Support Hyperallergic’s independent arts journalism.
Crimes of the Art is a weekly survey of artless criminals’ cultural misdeeds. Crimes are rated on a highly subjective scale from one “Scream” emoji — the equivalent of a vandal tagging the exterior of a local history museum in a remote part of the US — to five “Scream” emojis — the equivalent of the Isabella Stewart Gardner Museum heist.
Wiener Mural Has Hoosier Hot and Bothered
The Spot Tavern in Lafayette, Indiana, has come under fire from one of its neighbors over a mural by the Droops on its exterior wall featuring a nude woman tied to a tree and a hot dog bun with a penis instead of a wiener.
Verdict: The most fantastic thing about this otherwise by-the-books small-town art story is this detail, from WISHTV’s report: “Nearby neighbor Ila Solomon started a petition online intended for Mayor Tony Roswarski. You may remember Ila Solomon for pleading guilty to trying to feed her husband to the birds.” Solomon’s strange past, which involves living with her husband’s corpse and collecting his benefits for as long as nine months after he’d died, is chronicled here.
Dishonest Abe Lovers Lift Lincoln Likeness
A large marble bust of Abraham Lincoln by the Italian sculptor Ivo Zini was stolen from the Gettysburg Hall of Presidents Museum.
Verdict: Perhaps the thieves felt they were merely emancipating the great emancipator.
Sandy Mural Capped
A public art project that artist Lisa Be made in Long Beach, Long Island, in the aftermath of Hurricane Sandy was destroyed by a construction crew that had been instructed to preserve it. The mural, “CAPS for KIDS,” was a landscape made up of 50,000 colorful bottle caps that children throughout the city had collected.
Verdict: The construction crew must wish they’d kept a lid on this story.
Pencil Sculpture Rubbed Out
A 12-foot-tall sculpture of a pencil said to be worth $9,000 was stolen from the Purdue University campus in West Lafayette, Indiana.
Verdict: Perhaps the thieves are trying to send a message that Purdue should transition to a paperless campus.
Military Museum Robbed of WWII Gun on Veterans Day
Thieves struck the New Mexico Museum of Military History in the early-morning hours of Veterans Day, making off with a still-functioning World War II machine gun valued at $4,000.
Tagger Takes Down Towering Toys
Two murals of giant toys by the artist Dotmasters, intended to promote street art in the South London town of Croydon, were tagged by a graffiti artist who goes by “TIC” and is a member of the local Kaos Crew.
Verdict: Another chapter in the never-ending rivalry between graffiti and street art.
Scrooges Strike Christmas Art Fair
Karen Jewell, a vendor at this year’s Southern Christmas Show in Charlotte, North Carolina, lost hand-carved wooden sculptures worth $30,000 when thieves broke the lock on her hitch and made off with her trailer and all its contents.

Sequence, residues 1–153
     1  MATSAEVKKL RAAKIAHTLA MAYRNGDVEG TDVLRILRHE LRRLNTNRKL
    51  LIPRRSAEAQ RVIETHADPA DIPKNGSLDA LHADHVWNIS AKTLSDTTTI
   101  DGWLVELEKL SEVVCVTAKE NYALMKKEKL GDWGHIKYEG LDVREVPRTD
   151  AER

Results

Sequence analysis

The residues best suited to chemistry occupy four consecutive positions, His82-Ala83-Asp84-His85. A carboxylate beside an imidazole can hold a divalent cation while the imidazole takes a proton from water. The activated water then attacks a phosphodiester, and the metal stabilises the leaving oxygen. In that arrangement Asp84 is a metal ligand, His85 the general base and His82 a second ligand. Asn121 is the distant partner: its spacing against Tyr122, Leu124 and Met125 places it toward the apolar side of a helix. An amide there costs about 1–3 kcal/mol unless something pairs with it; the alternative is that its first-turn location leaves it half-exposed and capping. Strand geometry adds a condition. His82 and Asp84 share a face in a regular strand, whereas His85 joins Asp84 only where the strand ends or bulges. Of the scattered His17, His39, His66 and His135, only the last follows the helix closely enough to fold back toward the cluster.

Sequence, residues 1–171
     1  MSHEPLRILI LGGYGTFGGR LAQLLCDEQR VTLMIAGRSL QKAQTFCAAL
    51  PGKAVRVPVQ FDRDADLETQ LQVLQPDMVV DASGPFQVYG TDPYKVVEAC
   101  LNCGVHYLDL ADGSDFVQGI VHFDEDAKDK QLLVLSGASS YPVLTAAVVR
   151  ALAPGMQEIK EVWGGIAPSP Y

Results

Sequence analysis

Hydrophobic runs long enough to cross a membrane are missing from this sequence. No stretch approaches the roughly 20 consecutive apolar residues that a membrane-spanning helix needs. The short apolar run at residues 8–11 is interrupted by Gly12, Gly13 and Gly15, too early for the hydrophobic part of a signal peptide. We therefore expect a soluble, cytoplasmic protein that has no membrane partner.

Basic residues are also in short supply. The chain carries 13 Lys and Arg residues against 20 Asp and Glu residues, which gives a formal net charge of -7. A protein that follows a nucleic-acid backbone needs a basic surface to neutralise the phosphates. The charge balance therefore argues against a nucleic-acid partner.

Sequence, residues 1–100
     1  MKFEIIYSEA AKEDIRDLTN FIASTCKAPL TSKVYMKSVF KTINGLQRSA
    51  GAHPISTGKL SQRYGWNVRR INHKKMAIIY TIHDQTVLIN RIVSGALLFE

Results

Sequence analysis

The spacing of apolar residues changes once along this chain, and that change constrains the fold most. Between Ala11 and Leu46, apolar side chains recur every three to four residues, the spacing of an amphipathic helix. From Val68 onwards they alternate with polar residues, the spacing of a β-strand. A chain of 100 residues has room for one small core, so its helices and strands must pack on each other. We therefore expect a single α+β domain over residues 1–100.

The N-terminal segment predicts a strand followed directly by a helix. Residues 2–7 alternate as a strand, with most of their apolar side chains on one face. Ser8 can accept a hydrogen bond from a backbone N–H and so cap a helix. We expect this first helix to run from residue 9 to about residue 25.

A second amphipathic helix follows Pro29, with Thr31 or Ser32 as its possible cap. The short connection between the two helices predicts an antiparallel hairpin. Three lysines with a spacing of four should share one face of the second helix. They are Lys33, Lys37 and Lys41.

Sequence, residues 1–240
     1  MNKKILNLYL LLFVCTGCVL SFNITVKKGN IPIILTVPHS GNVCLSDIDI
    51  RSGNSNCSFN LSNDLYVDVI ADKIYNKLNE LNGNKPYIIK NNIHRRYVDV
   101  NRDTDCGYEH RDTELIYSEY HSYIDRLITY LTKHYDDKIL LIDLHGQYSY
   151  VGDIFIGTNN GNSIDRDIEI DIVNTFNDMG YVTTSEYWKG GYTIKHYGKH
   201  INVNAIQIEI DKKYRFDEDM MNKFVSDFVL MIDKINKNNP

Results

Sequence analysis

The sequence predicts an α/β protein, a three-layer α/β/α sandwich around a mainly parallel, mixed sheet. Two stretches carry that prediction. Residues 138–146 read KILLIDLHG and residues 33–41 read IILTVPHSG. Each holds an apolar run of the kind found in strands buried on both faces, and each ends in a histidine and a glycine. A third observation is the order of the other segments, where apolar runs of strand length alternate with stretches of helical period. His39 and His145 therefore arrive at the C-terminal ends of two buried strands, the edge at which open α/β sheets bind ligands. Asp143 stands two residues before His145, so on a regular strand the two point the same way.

Verdict: Trailer-loads of coal for those callous Christmas art thieves.
Hindus Bring Down Bovine Hindenburg
A polystyrene sculpture of a cow that hung from a helium balloon at the annual Jaipur Art Summit was taken down by Hindu activists and then handed over to police, who raided the summit and detained two artists for several hours.
In a world delighted and entertained by displays of material excess, Diane Simpson shows that there is another possibility.
The animal carcass sculptures are gruesome yet their materials — the artist’s own discarded clothing — lend them some gentleness.
View work by over 40 experimental artists and collectives from throughout the Americas who contributed to New York’s art scene during the 1960s and ’70s.
Mr. Bernatowicz, in your introductory text you talk about the need for honesty, the disease of hypocrisy, overreaching governments. You do not fulfill a single one of your own ideals.
The biggest problem with turning Dune into a film is that the book appears increasingly derivative of generic sci-fi tropes.
This exhibition explores how images of the human body were used to provoke profound physical and emotional responses in viewers from the 15th through 18th centuries.
Ed Roberson’s motorcycle ride from Pittsburgh to the Pacific is a quest-romance, an exploration of American culture and American mythology.
The collaborative handmade paper- and printmaking center at the Pennsylvania Academy of the Fine Arts publishes new works by Liz Collins and Sarah McEneaney.
The legendary performer amassed a collection of about 10,000 rare books, posters, and artwork about all things esoteric.
The proceeds will benefit the BDC’s community-centered initiatives and exhibitions.